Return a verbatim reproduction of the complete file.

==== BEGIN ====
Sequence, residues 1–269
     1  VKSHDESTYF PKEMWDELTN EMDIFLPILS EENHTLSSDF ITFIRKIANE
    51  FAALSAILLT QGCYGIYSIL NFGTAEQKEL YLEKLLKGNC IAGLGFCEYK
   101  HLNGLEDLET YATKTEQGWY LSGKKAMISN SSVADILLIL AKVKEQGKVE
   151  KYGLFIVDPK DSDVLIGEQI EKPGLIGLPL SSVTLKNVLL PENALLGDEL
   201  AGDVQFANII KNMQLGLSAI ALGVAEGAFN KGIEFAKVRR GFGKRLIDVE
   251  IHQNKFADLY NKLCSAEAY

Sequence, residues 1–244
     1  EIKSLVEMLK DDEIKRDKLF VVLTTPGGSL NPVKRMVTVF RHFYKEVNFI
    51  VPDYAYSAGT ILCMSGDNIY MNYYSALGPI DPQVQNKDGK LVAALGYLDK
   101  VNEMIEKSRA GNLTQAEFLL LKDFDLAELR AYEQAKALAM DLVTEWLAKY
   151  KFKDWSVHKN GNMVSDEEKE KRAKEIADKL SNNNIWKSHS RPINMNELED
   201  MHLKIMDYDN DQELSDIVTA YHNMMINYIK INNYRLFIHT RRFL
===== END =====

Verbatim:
Sequence, residues 1–269
     1  VKSHDESTYF PKEMWDELTN EMDIFLPILS EENHTLSSDF ITFIRKIANE
    51  FAALSAILLT QGCYGIYSIL NFGTAEQKEL YLEKLLKGNC IAGLGFCEYK
   101  HLNGLEDLET YATKTEQGWY LSGKKAMISN SSVADILLIL AKVKEQGKVE
   151  KYGLFIVDPK DSDVLIGEQI EKPGLIGLPL SSVTLKNVLL PENALLGDEL
   201  AGDVQFANII KNMQLGLSAI ALGVAEGAFN KGIEFAKVRR GFGKRLIDVE
   251  IHQNKFADLY NKLCSAEAY

Sequence, residues 1–244
     1  EIKSLVEMLK DDEIKRDKLF VVLTTPGGSL NPVKRMVTVF RHFYKEVNFI
    51  VPDYAYSAGT ILCMSGDNIY MNYYSALGPI DPQVQNKDGK LVAALGYLDK
   101  VNEMIEKSRA GNLTQAEFLL LKDFDLAELR AYEQAKALAM DLVTEWLAKY
   151  KFKDWSVHKN GNMVSDEEKE KRAKEIADKL SNNNIWKSHS RPINMNELED
   201  MHLKIMDYDN DQELSDIVTA YHNMMINYIK INNYRLFIHT RRFL